DIY Home Improvement, Remodeling & Repair Forum > DIY Home Improvement > Windows and Doors > condensation in sliding glass door




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Old 05-16-2006, 04:54 AM  
Oberon
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Default window seals

In the "good old days", IG (Insulating Glass) seals were made of things like polysulfides or hot melt butyl, or a couple of other products, including silicone in some cases. These were made primarily using a single seal system and the one thing they all had in common was eventual seal failure.

Manufacturers looked for better ways to make IG seals and they came upwith a number of innovations to prolong seal life. The first was using a dual-seal system rather than a single-seal system.

Basically, dual-seal means using two different materials to bond the spacer to the glass. One part of the seal is the moisture or vapor barrier - or the primary seal - and the other is the structural or secondary seal.

The best primary seal in use today is polyisobutylene or PIB. This is the only butyl known that is 100% impermeable to gas and moisture. Unfortunately, PIB has no structural strength and if used alone in the IG unit the glass wouldn't stay attached to the spacer very long. So the secondary or structural seal is usually silicone.

Gas and moisture passes quite readily thru silicone, but because of the PIB primary seal the unit remains tightly sealed - when applied correctly. This is the system used in the better metal-spacer systems. If using a metal system the best material to use is stainless steel. Aluminum is still available, but it is being phased out (if not totally gone) by most manufacturers.

There are maybe a dozen or so different methods currently used to seal IG windows. Some are better than others. Some have no metal component at all such as SuperSpacer and TPS. Others are a combination of metallic and non-metallic ingredients such as Swiggle. I won't get into the details because quite frankly it can become technical and boring rather quickly! Suffice it to say that when using one of the better sytems today seal failure has become very uncommon. If the manufacturer is using one of the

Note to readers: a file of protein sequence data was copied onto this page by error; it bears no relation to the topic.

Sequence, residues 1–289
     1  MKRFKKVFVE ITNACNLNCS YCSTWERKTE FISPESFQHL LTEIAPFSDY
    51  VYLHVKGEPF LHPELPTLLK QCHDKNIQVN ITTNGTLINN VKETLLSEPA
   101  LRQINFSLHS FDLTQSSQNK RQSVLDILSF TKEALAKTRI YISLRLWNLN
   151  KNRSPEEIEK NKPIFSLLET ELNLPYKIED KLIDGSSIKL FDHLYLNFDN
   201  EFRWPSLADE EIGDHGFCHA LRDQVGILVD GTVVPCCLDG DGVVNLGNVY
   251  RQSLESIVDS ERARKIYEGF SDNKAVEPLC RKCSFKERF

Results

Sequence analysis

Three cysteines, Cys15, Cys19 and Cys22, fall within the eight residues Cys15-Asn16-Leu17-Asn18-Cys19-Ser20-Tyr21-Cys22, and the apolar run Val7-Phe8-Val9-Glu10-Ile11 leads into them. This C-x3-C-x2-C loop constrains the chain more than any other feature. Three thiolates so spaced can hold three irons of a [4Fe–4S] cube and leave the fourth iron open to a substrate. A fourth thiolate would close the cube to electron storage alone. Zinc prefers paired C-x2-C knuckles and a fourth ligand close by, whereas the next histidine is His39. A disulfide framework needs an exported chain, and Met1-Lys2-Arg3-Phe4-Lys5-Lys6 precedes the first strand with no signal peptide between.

not-so-much-better systems, then seal failure can still be an issue.



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Old 05-16-2006, 07:53 AM  
woodworkingmenace
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Ok, so what do you ask for, in a door like that?

Do you think the seller will know what type of system that they used? Or, are they just "Home Depot" type sellers that dont know too much of anything?

Also, I like those windows that are almost bullet proof!

(My brother got windows, cost about 2 grand a window and you can drop a 12 pound bowling ball on them from a certain height, and they are guaranteed NOT TO BREAK!)...

He lives in Pontiac Michigan, so, I dont know if that Company is just exclusive to that area or not...

Now THAT would be the type of window to get in my opinion... He also got his sliding glass door made from the same stuff!

Jesse



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Old 05-21-2006, 06:05 AM  
Oberon
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There are really two ways that a window manufacturer gets an IGU (insulating glass unit - the glass with the spacer between the lites) - first build it himself, second buy it from an IG manufacturing company.

The majority of window manufacturers make their own IGU's....but, the majority of the bigger companies buy their IGU systems from an outside source....

Basically, if a person buys a window or door from one of the major wood window manufacturers, then the spacer system used in those windows and doors comes from the same source in the majority of cases.

If a person buys a vinyl window, then there is more of a chance that the window manufacturer made the IGU...but some of the larger vinyl manufacturers are starting to switch over to buying their IGU's (at least some of them) from the same source as the wood guys get theirs.